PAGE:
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A Tulpa Likes The Light
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A Tulpa Likes The Light

Poem By Tara Teeling

Perhaps the cure for this
is a pair of comfortable shoes,
or a plate of greens tossed with lemon.
It could be in a lucky number,
or in that Irish worry stone you
keep inside a crumb-crusted purse,
or even in an exorcism
carried out by a holy father.
Maybe, the solution is in eliminating
a certain sweater from your wardrobe
or in only wearing it on a Tuesday.
The rampant hypotheticals
seem plausible to you, despite
their nonsensical nature because
you need them to be.

Pinpointing the triggers is unimportant
but you search for them anyway:
too much time spent at a job you
never really liked but stayed with,
and same scenario involving a man.
This is your history with its dog-eared chapters:
the thorny childhood,
which you thought was typical,
until someone told you it wasn’t the norm
to have belt marks on your legs,
gashes on your scalp, and a
pockmarked adolescence, filled with
dreamy expectations, and doomed green love.
Everyone, it seems, suffers these tiny, chronic quakes
and emerge from them unscratched.
All, but you.

This eidolon, this thing
which pumps you with the very blood
your heart designs, is owning you.
It rolls, like a louring dust cloud
filled with images of your mistakes,
coming at you, licking its lips.
It’s a lustful tulpa, the birth child of
your own self-loathing and
the greatest frustration is in knowing
that you are the one who feeds it.

You brought it here.

The dark casts certain worries,
but the light is far worse,
because you’re attacked in places
where you normally feel safe,
showcasing your frailty.
In the dark, at least, it is blind
and fumbles in search of you,
crashing into the bedpost, stubbing its toe
on the antique trunk which is stamped with
the travel of long dead gypsies.

You never knew
your life would be about this.
There is no movement, no love, and
no sex in a habitat of the afflicted.
Inertia is the only hope;
it keeps you free from
the cold fingers of an unseen force
which steals the breath and grips
the throat. It tries to liberate
the heart from the house of you
by reaching in, and wrenching it out.

You need to run, but to where?

The unfettered are watching and
judging you with their stares.
No one knows you anymore
so you scan the tittering crowd
with a desperate fanaticism
searching for the faces of
kindred brothers and sisters,
and see none.

Ignoring it won’t kill it,
and resistance is foreplay
to an unyielding incubus.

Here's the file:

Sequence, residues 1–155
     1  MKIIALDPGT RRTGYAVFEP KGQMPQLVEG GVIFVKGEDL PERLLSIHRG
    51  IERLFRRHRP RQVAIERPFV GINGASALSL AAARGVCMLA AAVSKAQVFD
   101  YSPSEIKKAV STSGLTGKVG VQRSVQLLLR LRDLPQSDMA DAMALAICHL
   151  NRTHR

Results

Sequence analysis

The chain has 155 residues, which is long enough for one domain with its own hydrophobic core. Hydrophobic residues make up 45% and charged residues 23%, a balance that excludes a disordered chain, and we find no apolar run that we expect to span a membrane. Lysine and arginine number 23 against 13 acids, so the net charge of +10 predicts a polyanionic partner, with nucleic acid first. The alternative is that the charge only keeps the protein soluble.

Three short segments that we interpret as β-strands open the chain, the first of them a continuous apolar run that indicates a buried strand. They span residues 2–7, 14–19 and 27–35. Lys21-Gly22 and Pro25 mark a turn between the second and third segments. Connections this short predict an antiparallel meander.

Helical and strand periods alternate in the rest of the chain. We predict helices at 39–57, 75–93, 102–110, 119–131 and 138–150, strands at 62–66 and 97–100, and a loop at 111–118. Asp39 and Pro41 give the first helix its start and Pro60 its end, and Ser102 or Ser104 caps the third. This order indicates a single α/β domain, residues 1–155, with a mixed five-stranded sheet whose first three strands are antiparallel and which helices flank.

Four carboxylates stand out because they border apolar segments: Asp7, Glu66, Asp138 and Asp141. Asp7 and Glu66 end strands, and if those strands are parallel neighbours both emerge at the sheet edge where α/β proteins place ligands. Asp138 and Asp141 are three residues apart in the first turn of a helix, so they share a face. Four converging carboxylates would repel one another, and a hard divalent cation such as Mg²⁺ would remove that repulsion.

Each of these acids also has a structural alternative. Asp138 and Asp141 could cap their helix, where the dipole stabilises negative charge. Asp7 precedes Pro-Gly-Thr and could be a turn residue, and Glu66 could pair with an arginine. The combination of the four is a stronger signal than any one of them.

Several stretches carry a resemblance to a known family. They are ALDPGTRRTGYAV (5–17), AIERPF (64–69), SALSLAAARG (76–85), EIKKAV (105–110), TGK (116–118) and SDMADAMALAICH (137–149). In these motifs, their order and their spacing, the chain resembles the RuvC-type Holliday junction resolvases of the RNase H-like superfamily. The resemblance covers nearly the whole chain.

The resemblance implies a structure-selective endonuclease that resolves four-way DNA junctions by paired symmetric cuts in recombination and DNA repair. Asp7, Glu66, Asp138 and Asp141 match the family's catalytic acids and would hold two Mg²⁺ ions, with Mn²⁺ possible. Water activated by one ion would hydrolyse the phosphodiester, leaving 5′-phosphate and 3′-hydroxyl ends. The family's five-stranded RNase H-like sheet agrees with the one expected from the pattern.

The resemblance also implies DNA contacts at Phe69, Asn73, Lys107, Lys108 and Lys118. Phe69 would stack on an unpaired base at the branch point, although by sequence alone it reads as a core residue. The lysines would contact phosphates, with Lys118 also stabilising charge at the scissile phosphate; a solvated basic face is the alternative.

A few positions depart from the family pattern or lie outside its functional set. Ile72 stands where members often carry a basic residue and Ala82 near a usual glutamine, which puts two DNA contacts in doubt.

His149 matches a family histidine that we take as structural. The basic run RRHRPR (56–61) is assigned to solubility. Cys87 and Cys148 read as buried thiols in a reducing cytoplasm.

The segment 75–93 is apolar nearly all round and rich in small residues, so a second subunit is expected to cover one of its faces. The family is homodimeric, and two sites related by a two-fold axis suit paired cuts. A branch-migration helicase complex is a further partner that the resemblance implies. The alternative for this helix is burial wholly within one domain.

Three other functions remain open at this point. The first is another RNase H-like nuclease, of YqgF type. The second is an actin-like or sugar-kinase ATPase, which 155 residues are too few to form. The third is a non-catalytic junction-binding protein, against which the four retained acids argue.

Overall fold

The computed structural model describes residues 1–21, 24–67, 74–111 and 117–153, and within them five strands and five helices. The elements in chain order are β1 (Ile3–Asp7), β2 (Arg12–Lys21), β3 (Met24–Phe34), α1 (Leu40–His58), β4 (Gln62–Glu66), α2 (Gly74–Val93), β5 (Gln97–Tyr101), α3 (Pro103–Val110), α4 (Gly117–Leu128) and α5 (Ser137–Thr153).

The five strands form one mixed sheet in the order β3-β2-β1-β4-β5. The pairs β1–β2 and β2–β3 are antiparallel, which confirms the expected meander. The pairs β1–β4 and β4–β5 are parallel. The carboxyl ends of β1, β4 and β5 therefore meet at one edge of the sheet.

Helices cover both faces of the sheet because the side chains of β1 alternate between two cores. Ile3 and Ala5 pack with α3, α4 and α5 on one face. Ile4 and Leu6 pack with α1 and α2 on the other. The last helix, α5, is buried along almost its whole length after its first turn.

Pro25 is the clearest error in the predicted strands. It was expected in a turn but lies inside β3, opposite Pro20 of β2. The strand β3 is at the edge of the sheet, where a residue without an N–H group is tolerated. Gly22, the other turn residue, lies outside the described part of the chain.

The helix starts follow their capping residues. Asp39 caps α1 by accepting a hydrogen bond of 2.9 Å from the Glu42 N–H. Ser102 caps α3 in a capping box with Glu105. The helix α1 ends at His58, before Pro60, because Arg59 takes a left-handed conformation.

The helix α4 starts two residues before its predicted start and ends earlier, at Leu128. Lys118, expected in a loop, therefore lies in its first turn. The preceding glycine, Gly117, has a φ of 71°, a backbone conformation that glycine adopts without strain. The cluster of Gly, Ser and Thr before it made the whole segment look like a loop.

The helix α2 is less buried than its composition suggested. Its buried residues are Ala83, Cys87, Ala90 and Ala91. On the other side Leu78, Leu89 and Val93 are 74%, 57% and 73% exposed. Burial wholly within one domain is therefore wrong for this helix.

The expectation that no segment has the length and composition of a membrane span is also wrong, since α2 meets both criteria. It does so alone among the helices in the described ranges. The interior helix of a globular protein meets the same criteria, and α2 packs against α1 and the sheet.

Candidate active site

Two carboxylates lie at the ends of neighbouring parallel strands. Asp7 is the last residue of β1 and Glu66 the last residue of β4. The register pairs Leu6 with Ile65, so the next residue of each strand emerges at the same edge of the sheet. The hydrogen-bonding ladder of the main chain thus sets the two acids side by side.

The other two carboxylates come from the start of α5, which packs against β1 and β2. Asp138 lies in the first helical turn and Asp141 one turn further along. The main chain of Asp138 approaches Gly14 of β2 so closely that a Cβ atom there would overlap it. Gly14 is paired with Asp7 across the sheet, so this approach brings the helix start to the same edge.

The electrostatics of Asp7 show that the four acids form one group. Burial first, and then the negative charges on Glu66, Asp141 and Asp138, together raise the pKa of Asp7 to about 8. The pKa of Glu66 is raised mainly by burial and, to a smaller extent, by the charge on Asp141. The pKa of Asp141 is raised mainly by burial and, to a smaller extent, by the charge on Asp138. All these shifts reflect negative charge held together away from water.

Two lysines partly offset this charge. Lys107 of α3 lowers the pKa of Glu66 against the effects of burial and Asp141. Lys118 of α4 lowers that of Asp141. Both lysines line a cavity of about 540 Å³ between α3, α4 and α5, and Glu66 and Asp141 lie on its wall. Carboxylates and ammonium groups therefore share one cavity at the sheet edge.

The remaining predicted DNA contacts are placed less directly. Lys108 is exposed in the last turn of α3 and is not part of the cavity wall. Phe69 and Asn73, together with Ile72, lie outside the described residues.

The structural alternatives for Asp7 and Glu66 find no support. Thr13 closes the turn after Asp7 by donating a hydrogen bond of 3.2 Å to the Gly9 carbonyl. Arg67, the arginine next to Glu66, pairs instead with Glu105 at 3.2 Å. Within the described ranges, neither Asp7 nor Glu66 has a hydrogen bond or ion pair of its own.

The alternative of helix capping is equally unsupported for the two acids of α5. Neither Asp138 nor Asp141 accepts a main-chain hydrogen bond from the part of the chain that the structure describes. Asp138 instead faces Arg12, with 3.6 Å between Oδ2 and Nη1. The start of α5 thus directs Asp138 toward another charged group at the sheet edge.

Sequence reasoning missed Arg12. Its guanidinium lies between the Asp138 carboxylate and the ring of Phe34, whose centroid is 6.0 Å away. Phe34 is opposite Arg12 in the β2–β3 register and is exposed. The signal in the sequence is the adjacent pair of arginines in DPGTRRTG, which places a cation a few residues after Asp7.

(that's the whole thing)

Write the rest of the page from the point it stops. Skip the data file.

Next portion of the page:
You should face it,
with teeth clenched and fists raised,
except it’s not your style.
What feels right to you,
are the covers on the bed,
and the tears on the pillow,
because they are familiar and soft,
with no hint of angry ghosts
hell bent on possession.
Dying there, wrapped
in the gauze and delusion,
would be more welcome than expiring
in front of bewildered strangers.

Crazy,
that’s what you are,
battling the invisible
with no test or x-ray which
will convey evidence to the sane.
Soon, anger is the only emotion
which feels right, the only one which
has some influence in motivating you to resist
in the smallest way you know.

You fear the beast, hate it
with every thing you have left,
but you write poetry to it.

User Rating: 5,0 / 5 ( 1 votes ) 3

Other poems of TEELING (71)

Comments (3)

Oh, and by the way, this scores a TITANIC TEN. Tried voting but it didn't register. GG
There's always a delicate balance between the dark and light factions. Fact is we need that 'eidolon' to maintain equilibrium, even though he/she seems the more powerful & persuasive. I like everything about this extraordinary piece, Tara, from the opening sequence that explains the simple pleasures that may appease the beast to the brilliance of the 5th strope's 'There is no movement, no love and / no sex in a habitat of the afflicted. / Inertia is the only hope; / to 'Ignoring it won't kill it, / and resistance is foreplay / to an unyielding incubus. / to the solid conclusion. But I'm rambling...suffice it to say, I've read some other poems of this genre, but none are as highly descriptive and as indepth as yours. Was going to say more, but I shall save it for another day and another read. Tremendous! A votre santé, Greg
Tara: You have conjured up a horde of familiar images here. (You also sent me to the dictionary more than once, for which I am grateful.) This poem is clearly personal, but also universal. There are many who will relate to it, quietly nodding their heads as they read. Many thanks. -G


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